Death prevailed and swallowed us up, but God has wiped away the tears from every face.

Death had power over Adam, our first parent, because of his sin, and like some savage and cruel beast, it attacked him and carried him off.

After that lamentations, wailings, tears, and mourning for the dead were the lot of all who dwelt upon earth.

But in Christ they came to an end. Coming to life again on the third day, he trampled death under foot and became the way by which we were to escape corruption.

Christ became the firstborn from the dead and the firstfruits of all who had fallen asleep.

Now the firstfruits, the one who comes first, will undoubtedly be followed later by others, that is by us.

And so sorrow has been turned into joy; we are no longer clad in mourning but girded with a God-given gladness that inspires the jubilant cry: Death, where is your victory? Grave, where is your sting?

And in that day they will say: Behold your God in whom we have trusted and exulted.

We shall rejoice in our salvation, for God will give rest upon this mountain.

In other words, you will recognise the one who fills the cup of gladness with wine and anoints with sweet oil the inhabitants of the spiritual Zion.

You will recognise him to be truly God and by his very nature the Son of God, even though for the life and salvation of all he appeared in the nature of a slave and became in every respect except sin a man like those who live upon earth.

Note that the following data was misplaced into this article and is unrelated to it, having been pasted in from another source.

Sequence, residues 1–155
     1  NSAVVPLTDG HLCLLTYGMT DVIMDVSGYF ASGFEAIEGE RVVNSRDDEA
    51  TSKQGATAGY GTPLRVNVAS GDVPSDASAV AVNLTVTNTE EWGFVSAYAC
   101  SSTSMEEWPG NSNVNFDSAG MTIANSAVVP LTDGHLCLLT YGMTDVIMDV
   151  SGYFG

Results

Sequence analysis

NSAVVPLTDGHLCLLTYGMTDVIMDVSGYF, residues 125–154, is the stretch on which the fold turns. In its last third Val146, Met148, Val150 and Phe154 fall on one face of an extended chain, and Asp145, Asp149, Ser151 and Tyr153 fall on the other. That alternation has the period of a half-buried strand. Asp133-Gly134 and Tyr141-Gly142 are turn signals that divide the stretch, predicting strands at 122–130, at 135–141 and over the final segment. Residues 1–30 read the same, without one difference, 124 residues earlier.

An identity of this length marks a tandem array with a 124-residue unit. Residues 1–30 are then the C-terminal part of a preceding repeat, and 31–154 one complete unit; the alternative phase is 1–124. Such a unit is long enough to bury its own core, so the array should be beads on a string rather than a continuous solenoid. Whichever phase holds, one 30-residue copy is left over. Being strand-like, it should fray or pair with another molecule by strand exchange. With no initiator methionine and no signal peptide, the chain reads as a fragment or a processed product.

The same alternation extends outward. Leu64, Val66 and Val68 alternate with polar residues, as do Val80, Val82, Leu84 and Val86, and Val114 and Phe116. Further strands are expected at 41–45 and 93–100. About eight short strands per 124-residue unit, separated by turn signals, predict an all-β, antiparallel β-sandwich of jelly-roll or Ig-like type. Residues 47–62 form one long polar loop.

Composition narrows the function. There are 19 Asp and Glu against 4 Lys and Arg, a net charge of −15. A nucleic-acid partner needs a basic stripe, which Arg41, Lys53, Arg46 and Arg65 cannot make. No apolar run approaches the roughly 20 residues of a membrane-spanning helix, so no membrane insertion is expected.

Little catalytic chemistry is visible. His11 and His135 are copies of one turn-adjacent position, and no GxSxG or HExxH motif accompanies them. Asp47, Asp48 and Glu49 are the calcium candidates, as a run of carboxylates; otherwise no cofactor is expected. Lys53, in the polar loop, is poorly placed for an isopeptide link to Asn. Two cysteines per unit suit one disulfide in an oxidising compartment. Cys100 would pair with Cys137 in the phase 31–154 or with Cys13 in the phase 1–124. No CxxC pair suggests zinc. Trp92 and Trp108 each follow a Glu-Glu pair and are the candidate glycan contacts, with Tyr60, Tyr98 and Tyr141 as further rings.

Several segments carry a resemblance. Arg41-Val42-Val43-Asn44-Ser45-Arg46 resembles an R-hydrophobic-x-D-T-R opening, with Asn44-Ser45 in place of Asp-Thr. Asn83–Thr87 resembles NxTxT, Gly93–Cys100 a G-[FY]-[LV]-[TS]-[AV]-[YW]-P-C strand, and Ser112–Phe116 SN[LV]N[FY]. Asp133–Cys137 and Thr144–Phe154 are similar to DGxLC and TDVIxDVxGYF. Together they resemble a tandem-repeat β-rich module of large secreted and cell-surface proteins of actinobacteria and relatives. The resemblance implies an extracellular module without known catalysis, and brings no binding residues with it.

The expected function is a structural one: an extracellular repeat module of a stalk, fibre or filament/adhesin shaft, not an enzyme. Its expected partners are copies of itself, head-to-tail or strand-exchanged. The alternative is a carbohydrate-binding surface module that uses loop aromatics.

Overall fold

Behold our God in whom we have trusted. We have exulted in our salvation.

[…] Behold, our God, and will proclaim that God will give rest upon this mountain.

The mountain referred to must surely be the Church, for it is there that rest is given.

We have heard the words of Christ: Come to me, all who are weary and overburdened and I will give you rest.

By faith in Christ we have laid aside the grievous, the insupportable burden of sin.

And we have been given rest in another way too, for we have been delivered from dread of the punishment we should have had to suffer for our sins.

Nor are these the only effects of the presence in us of the grace of Christ our Saviour.

We have in addition the hope of blessings yet to come, the kingdom of heaven, eternal life, and freedom from every cause of distress.

Cyril of Alexandria (c. 376-444): Commentary on Isaiah Lib. 3, t. 1 (PG 70, 563-566), from the Monastic Office of Vigils, Sunday of the 2nd Week in Advent, Year 2.